Is the Rally on Back of Strong macro Economic Measures or Global Liquidity ?

Several Large Institutional Investors have been focused on India’s tepid macro [For beginners, Read macro as Govt, RBI, etc – Policies & Measures ]and missed the proverbial “market” boat. The market has seemingly defied a bad macro and made gains through 2012 even before recent events unfolded.

Bad Macro does not necessarily mean Bad Earnings for companies – GDP growth is crucial to corporate fundamentals. However, a high GDP growth does not mean high profit growth and vice versa. Profits are about revenues and margins. Margins are impacted by various other macro variables [Fuel Price Hike means lesser Deficit for Govt, RBI Easing CRR] ranging from the relative gap between the current and the fiscal account, the level of savings in the economy.

The macro is material to share prices but is not the only thing that drives its change. We think the starting point of valuation is crucial to determining the performance of share prices as much as growth in earnings and liquidity / sentiment. So the chances are that if shares are cheap and sentiment is poor (low expectations), share prices could rise even when macro is weak.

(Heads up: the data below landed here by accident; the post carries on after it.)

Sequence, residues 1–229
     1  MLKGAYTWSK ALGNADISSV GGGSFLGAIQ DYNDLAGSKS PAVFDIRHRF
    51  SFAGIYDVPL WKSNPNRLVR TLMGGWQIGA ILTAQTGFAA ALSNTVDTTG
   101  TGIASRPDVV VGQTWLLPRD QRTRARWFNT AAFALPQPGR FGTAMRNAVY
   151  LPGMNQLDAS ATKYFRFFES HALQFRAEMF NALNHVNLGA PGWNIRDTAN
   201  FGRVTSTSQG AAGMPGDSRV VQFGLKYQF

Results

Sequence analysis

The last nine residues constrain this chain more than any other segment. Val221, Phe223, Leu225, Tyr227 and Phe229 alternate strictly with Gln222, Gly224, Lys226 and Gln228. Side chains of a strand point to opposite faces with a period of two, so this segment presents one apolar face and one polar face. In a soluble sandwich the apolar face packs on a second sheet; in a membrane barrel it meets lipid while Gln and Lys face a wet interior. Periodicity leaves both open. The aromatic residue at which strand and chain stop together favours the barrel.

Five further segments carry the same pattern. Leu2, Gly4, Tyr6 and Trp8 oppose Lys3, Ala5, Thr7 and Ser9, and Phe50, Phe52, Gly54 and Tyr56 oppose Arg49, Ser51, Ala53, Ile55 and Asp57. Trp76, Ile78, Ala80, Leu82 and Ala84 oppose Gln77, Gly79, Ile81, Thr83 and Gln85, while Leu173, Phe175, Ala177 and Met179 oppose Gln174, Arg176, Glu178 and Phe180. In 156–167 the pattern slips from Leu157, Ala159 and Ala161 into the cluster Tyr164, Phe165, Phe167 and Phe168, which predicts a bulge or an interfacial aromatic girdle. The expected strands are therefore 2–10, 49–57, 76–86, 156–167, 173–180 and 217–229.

India could just be the good house in a bad neighborhood, and this could help share prices rise. So the macro can be bad, but if it is getting less bad at the margin, markets could run ahead. Indeed, the crucial driver of Indian equity market this year has been global. This is what we said 3 weeks ago on twitter Huge FII investments (USD16.2b until early October and USD3.6b in September alone) have driven Indian equities’ out-performance. However, a comparison of FII flows into India with that into rest of Asia shows that the recent massive flows are a result of global liquidity injection.

Investors are increasingly looking at playing those equity markets where currencies are likely to be supportive. Emerging market currencies are obvious beneficiaries of global liquidity injection. In India in particular, the RBI recently intervened only to support the INR, not to depreciate it.

In conclusion, we would say that markets are a sum total of macro, corporate fundamentals, valuations, sentiment, liquidity
and ownership or positioning.